The Disney Bundle factored heavily into Disney’s Q3 2021 earnings presentation, with many execs within the company referencing the “power of the Disney Bundle” numerous times throughout the presentation. As it stands right now, the Disney Bundle consists of Disney+, ESPN+, and Hulu.
Hulu had a nice Q3 2021, improving to 42.8 million total subs (up 21 percent from last year) and adding 1.2 million subs. The SVOD service is also more profitable than in the past, at it now nets Disney $13.15 per subscriber per month, thanks in part to increased ad revenue and add-ons. According to data provided by Parrot Analytics, Hulu also has the most platform demand shares, meaning users want to watch Hulu’s content more than any other service — even Netflix. But why? Parrot might have just said it best: “Hulu isn’t Disney+. Hulu is a collection of everything for someone and something for everyone.”
But a “jack of all trades” is a “master of none,” so while Hulu has a bit of something for everyone, it seems to only serve as an alternative to Disney+. Disney+, is, of course, a destination for family films, first-party Marvel Studios content, and the place where you watch Hamilton. For Hulu to be the destination known for housing “everything else that Disney owns and some other non-exclusive licensed content, too,” elicits an image of a cluttered storage unit full of stuff. There are plenty of incredible shows and movies available on Hulu, but you have to dig to find them if your picks haven’t already been curated. Hulu’s perpetually awkward user interface does not help matters, either.
But, it’s that non-exclusive, licensed content that powers Hulu. Fox and FX properties like The Simpsons, American Horror Story, and Family Guy, along with shows that are featured on multiple platforms like Modern Family and Rick & Morty, and the occasional big-time linear show like Law & Order: SVU or Will & Grace are what continues to make Hulu enticing and what made streaming services so popular in the first place — a destination to find all your favorite shows in one place.
What people aren’t totally into, though, are Hulu’s Originals, which presents a big problem as more streaming services splurge on original content. Hulu Originals make up just 7.2 percent of all digital original demand share, a far cry from the domination of its extended catalog and dwarfed by Netflix’s 46 percent share. Shows like The Handmaid’s Tale and the newly-released Reservation Dogs have been critical successes, but in a world where they have to compete with their own parent company’s power-packed originals like Loki, The Mandolorian, and Falcon and The Winter Soldier, that might not be enough. Should Hulu start to lose its non-exclusive licensed shows, they may be in for big problems in the future.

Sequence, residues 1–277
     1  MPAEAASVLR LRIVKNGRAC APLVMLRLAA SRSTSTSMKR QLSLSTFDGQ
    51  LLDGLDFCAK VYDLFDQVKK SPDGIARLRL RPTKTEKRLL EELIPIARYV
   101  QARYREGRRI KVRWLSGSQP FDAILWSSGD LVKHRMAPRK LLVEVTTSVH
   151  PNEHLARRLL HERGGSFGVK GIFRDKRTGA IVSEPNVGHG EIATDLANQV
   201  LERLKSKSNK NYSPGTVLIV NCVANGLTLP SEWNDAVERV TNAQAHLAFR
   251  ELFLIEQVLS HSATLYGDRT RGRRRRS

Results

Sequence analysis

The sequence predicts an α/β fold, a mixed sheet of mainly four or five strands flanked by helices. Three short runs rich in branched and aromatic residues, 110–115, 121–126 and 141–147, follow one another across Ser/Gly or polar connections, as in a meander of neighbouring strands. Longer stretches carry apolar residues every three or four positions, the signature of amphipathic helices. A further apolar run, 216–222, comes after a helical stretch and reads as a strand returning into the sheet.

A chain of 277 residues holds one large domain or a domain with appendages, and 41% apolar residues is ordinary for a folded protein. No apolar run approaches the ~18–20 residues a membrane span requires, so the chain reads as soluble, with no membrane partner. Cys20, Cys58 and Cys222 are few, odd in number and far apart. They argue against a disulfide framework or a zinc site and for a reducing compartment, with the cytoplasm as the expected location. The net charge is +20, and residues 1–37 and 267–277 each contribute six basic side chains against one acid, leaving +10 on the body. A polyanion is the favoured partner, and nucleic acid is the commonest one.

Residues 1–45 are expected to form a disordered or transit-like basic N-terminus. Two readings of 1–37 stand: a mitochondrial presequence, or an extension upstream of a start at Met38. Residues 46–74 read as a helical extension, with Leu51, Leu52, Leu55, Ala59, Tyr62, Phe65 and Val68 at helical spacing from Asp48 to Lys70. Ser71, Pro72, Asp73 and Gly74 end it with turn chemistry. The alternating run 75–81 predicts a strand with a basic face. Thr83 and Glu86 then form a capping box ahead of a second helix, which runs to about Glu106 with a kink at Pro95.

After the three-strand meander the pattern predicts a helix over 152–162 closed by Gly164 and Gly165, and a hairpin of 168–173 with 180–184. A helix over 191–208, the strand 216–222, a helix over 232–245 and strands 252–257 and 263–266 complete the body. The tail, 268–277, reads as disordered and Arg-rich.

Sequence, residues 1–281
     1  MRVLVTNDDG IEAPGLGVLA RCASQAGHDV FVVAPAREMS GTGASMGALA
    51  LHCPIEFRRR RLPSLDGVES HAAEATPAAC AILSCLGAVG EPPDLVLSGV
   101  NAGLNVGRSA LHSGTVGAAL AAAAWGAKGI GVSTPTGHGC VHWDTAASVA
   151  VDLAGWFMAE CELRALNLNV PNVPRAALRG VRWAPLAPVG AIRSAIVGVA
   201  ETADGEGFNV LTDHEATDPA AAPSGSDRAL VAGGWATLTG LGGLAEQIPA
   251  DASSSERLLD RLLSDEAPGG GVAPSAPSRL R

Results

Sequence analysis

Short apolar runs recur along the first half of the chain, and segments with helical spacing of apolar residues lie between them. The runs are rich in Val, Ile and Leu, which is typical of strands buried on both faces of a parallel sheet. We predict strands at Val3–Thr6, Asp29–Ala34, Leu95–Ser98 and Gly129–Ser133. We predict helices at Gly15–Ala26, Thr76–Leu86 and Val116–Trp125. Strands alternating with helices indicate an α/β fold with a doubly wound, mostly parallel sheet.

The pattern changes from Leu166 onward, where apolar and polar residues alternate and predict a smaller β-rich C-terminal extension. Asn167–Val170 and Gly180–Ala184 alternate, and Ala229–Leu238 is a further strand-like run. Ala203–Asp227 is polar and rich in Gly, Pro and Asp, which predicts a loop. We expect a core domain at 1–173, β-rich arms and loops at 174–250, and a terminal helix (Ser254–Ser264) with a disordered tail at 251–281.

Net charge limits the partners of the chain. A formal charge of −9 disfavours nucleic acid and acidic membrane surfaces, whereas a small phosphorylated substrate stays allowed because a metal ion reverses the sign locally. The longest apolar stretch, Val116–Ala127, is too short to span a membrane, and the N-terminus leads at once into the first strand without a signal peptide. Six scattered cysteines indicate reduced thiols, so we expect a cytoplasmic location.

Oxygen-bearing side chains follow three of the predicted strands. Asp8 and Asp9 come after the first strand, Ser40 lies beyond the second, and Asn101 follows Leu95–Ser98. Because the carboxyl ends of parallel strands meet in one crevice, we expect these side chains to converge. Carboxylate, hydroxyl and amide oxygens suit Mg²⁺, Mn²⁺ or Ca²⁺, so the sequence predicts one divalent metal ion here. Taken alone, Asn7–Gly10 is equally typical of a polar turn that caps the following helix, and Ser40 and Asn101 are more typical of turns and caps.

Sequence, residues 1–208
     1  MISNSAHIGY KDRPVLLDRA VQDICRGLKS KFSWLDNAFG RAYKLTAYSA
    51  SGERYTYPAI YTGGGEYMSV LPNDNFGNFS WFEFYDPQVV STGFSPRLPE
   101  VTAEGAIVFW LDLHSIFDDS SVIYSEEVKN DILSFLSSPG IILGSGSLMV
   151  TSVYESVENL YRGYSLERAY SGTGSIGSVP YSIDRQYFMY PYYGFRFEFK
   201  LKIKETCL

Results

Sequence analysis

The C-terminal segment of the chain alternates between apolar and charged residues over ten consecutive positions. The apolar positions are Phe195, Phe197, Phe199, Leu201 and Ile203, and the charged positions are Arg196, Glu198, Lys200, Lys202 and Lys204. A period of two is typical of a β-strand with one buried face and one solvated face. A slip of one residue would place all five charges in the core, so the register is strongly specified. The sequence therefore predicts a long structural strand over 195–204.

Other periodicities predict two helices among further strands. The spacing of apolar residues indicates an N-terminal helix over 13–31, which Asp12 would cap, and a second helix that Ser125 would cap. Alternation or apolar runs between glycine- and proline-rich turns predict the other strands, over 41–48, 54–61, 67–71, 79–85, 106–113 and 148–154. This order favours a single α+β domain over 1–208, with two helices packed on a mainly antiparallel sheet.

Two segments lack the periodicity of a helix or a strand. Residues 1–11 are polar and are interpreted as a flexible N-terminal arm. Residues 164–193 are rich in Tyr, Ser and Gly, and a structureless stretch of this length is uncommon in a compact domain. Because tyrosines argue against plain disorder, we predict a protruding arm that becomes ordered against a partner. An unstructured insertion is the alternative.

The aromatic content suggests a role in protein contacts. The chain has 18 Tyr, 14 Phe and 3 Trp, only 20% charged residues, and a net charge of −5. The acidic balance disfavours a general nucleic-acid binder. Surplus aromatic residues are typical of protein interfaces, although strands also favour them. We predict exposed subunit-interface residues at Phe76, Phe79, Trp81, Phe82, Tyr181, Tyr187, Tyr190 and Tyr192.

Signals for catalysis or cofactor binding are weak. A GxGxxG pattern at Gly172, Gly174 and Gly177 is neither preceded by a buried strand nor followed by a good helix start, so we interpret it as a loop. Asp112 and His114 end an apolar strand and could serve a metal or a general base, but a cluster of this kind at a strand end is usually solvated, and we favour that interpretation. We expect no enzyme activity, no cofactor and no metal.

So why doesn’t Disney just fold Hulu into Disney+? In Canada and other nations, content along the lines of what can be found on Hulu is available under an additional tab within Disney+ called Star or Star+.
Well, outside of the myriad rights issues and Comcast’s pesky stake in the company, it has a lot to do with Hulu’s live TV component. Hulu Live TV lost 100,000 subs, but still sits at about 3.7 million active subscribers, making it the most populated live TV streaming service out there. The broadcast companies that currently partner with Hulu Live TV likely wouldn’t like their networks blocked by a Disney paywall and would likely prefer they keep the service under the Hulu name.
For now, it looks like Disney won’t be able to pull a Star+ with Hulu — nor should it.
It offers a good selection of current TV shows and its ad-supported tier is cheaper than both Netflix and Amazon Prime Video. You will be able to watch most shows from networks like ABC, NBC, Fox, and cable channels like Bravo, USA Network, FXX, FXM, HGTV, and more.
The service has a Limited Commercials plan for USD 5.99 a month, or you can upgrade to their No Ads plan for USD 11.99 a month. For USD 64.99 a month, you can get Hulu Live TV from major cable channels, live locals and regional sports networks.